The moment they realize (or believe) that they’re blown, they’ll have no reason to keep their cell numbers, email addresses or other lines of communication open. They’ll scatter like cockroaches, and once they go to ground or disappear into the woodwork, the odds of success plummet.
The fact is that they’re not going to give your money or your possessions back voluntarily no matter how much you threaten or plead with them. You really don’t have anything to lose by playing along – just for a while.
Let them think that you buy their excuses even when you know they’re bullshit. The dumber they think that you are, the better. We’ll cover a few strategies further on.
Write it all down
You need to get everything down on “paper” (or on your computer or phone or wherever) as soon as possible. Find a secure, convenient place to start recording all the facts and any other information that might be relevant. Write everything down, no matter how insignificant you think it is. Just be mindful about keeping things in some sort of order – it will make things easier for you and others will be more likely to help you if they see that your notes are organized and that you have put some effort into this. The simplest way is the W5H Technique…
This technique is as old as the field of investigations. It involves answering the 6 fundamental questions: who, what, when, where, how and why? The ‘why’ shouldn’t be your focus at this stage. You’re mostly after the who, what, when, where and how. Below is a sample as well as blank forms in Microsoft Word and Adobe PDF format to get you started.
Need a scam or fraud investigated but concerned that it might cost more than it is worth?
- Send us all the information you have and we’ll assess it at no cost.
- We’ll send you a preliminary report addressing the information you provided as well as a plan of action for further investigation
- We’ll also provide you with a no-obligations quote to have the matter investigated further
Report the matter
Get in touch with the authorities, the company or institution that handled any payment or delivery, the website or hosting company that was being used by the scammers and any community-based organizations that have an interest in combating online or other fraud. It obviously depends on the circumstances and the nature of the scam, but generally, with online fraud, you’d probably want to report the incident to the following parties.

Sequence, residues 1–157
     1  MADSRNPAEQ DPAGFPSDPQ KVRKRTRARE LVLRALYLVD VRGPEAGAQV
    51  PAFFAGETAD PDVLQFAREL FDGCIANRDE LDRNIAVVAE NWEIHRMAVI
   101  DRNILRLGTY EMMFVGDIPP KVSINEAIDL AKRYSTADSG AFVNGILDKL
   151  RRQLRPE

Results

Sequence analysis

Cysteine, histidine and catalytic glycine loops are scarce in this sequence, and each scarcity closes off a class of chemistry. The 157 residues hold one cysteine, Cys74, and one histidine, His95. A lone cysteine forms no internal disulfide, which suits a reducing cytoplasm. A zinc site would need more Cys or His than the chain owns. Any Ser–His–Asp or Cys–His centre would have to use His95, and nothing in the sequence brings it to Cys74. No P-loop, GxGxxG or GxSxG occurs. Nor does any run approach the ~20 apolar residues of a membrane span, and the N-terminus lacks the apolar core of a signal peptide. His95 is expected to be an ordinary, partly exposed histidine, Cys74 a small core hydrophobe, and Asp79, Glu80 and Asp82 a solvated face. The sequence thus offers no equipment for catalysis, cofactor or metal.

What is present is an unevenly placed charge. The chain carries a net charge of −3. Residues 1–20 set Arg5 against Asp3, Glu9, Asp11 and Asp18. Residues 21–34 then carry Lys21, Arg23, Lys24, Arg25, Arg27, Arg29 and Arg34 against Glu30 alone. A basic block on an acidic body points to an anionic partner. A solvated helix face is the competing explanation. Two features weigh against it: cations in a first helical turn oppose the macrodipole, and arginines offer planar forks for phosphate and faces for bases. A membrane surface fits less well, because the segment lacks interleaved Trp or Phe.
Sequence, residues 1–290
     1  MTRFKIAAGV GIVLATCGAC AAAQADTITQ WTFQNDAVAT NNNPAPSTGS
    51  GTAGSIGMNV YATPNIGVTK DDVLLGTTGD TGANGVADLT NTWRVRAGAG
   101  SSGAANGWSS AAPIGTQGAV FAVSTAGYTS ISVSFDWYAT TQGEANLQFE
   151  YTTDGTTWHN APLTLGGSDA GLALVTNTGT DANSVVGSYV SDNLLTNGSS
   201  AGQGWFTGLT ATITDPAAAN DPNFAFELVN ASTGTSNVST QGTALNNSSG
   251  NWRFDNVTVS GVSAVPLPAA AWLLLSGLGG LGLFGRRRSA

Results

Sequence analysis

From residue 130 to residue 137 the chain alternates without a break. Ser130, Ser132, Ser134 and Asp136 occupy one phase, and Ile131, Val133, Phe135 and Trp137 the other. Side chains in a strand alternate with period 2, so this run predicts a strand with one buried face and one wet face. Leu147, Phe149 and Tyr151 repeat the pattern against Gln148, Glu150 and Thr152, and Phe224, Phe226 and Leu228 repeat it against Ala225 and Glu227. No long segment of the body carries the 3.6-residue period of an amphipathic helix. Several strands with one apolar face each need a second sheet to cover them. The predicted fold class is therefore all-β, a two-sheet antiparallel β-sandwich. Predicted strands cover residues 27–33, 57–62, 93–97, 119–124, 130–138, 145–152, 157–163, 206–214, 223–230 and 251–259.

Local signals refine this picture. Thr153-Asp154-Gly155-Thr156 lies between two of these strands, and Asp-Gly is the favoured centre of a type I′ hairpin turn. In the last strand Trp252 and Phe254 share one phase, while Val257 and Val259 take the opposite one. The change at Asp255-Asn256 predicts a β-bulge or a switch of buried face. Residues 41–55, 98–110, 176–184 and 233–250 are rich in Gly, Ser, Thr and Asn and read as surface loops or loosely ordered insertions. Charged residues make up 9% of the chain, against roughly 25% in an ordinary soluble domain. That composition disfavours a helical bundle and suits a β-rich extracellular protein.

Whether you want the police to investigate or not, you have a civic duty and legal responsibility to report criminal activity. If everyone kept quiet about crimes then police management wouldn’t know exactly how extensive a particular problem is and as a result wouldn’t be able to allocate the appropriate funds or make suitable training available to the police. Everyone but the criminals would lose.
If you want to open a police case
Opening a police case requires you to visit the Community Service Center (“charge office”) at your local police station. If you have no transport or are not mobile then call the police station and explain your situation. Don’t call 10111 or 112 because those services are for emergencies. If you don’t know the local police station’s phone number then use the app on this page to find it. This is the general process:
- A police official will interview you to establish whether a crime has indeed been committed.The police official will then open a docket and will ask you for your personal details.
- You will be asked to provide a statement. Remember that this is a sworn affidavit, so be completely honest and stick to the facts. If you don’t know something or if you’re not certain about something then say so.
- The police official will then register the case on the police’s Crime Administration System. You will either be given a CAS number at that time, or a CAS number will be SMS’d to you in due course. The CAS number will be your reference number and must be quoted whenever you enquire about your case.